Farewell Norton Bridge

Friday 29th March 2019

IMG_3036.jpgThe rail replacement bus service which has been running between Stafford and Stone to serve the abandoned Norton Bridge station since May 2004 comes to an end tomorrow. I couldn’t resist taking a trip up there to check it out on its penultimate day.

Trains stopped calling at Norton Bridge fifteen years ago to allow for the rebuilding of the railway as part of the West Coast Route Modernisation project. The station platform was inconveniently in the way.

Norton Bridge first opened in 1837 and latterly only enjoyed an irregular frequency local train service between Stafford and Stoke-on-Trent until it ended in May 2004.Screen Shot 2019-03-29 at 19.35.17.pngA rail replacement bus service was introduced between Stafford and Stone via Norton Bridge which was included in the rail timetable system and journey planners with rail tickets continuing to be available and accepted on the buses which also served other bus stops along the route. Funding for this came indirectly from the DfT as the franchise holder, at that time, London Midland, included the cost of the bus in its successful bid.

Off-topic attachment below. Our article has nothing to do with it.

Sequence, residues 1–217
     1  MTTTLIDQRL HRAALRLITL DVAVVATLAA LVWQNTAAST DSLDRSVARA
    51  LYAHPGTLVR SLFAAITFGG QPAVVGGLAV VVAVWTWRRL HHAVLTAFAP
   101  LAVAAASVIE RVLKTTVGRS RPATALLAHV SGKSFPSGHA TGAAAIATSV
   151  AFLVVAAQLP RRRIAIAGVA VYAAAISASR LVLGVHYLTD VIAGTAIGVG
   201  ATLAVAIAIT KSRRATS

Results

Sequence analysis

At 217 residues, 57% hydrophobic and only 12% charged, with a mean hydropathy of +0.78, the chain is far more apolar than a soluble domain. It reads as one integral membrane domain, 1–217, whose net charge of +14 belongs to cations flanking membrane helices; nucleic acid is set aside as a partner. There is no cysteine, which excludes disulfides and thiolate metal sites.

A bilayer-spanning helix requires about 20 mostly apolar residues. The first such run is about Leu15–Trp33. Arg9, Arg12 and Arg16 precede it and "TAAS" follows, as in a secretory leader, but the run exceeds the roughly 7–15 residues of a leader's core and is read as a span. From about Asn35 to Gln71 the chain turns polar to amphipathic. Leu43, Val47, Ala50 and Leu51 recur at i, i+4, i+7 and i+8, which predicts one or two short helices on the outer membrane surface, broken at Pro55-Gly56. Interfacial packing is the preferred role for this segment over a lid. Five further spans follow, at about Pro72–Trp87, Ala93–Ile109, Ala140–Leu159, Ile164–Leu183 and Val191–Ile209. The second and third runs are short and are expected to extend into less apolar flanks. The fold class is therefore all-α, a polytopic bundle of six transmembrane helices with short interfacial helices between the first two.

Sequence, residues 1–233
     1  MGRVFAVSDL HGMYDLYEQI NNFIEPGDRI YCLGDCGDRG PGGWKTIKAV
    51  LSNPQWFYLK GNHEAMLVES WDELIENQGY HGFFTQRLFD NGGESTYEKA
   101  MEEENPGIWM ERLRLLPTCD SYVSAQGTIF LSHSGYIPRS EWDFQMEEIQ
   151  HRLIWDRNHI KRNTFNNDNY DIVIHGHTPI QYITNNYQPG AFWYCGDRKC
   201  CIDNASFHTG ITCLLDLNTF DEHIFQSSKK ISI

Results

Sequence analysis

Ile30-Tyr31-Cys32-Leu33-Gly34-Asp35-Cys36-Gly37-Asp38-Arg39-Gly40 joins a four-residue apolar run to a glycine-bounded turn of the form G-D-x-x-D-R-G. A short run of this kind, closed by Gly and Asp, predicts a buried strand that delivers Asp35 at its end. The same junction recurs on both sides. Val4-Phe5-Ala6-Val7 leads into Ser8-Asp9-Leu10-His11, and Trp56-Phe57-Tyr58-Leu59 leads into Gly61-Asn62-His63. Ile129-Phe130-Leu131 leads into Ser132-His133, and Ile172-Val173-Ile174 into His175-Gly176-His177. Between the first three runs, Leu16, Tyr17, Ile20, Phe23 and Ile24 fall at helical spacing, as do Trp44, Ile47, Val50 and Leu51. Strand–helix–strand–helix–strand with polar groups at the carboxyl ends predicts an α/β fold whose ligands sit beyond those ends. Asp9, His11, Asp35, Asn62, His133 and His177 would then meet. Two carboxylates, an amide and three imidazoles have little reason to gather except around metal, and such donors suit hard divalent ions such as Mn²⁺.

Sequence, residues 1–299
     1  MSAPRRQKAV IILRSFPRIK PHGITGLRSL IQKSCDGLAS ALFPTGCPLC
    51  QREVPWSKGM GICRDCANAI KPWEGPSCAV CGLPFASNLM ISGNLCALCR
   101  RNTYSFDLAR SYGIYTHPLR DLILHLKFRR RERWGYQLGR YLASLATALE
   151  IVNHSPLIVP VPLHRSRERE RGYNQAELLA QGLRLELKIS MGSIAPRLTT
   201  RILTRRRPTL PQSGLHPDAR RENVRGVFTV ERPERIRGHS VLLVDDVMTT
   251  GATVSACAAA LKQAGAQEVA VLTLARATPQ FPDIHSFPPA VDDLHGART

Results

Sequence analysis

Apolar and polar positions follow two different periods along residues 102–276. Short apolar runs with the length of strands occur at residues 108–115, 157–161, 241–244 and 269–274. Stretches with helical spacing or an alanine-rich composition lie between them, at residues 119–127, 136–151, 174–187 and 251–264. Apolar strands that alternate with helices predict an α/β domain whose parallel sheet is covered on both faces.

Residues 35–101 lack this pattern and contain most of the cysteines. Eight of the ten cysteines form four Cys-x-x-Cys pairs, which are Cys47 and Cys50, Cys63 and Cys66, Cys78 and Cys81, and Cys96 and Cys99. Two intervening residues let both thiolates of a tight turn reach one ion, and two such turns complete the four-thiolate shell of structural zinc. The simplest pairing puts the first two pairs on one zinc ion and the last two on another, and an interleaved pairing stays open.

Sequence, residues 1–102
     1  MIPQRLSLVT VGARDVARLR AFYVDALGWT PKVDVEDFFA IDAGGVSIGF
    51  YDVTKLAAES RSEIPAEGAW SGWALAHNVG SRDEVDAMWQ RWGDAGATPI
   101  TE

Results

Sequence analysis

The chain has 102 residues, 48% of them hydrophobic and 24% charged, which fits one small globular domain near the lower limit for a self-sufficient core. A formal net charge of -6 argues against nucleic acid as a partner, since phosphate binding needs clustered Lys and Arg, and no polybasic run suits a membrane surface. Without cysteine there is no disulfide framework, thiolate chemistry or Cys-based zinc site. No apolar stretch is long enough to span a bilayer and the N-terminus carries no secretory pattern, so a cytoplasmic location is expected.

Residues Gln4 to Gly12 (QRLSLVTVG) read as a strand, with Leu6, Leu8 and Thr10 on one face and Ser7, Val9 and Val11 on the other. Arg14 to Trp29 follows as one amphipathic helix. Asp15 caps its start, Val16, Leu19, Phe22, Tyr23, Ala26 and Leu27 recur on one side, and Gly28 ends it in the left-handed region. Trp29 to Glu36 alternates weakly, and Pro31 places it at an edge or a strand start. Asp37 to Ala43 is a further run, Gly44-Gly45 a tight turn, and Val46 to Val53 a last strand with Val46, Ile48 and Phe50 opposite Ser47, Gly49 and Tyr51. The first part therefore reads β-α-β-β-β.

With the new West Midlands franchise starting in October 2017 the DfT decided to finally bring, what was supposed to be a temporary arrangement, to an end and issued a consultation in late 2016 to formally close Norton Bridge station, even though trains hadn’t called there for twelve years.

It came as no surprise the formal closure was enacted in December 2017 but the bus service was given a further stay of execution with continued part funding through the new franchise until the end of March 2019 enabling Staffordshire County Council time to review other bus service levels in the area.IMG_3037.jpgBrexit Day may not be happening today, but sadly D&G Bus service 13 is ending tomorrow and the 600 residents of Norton Bridge who lost their irregular trains in 2004, saw their station formally close in 2017, will now lose their only bus service.

Here’s how today’s trip went…..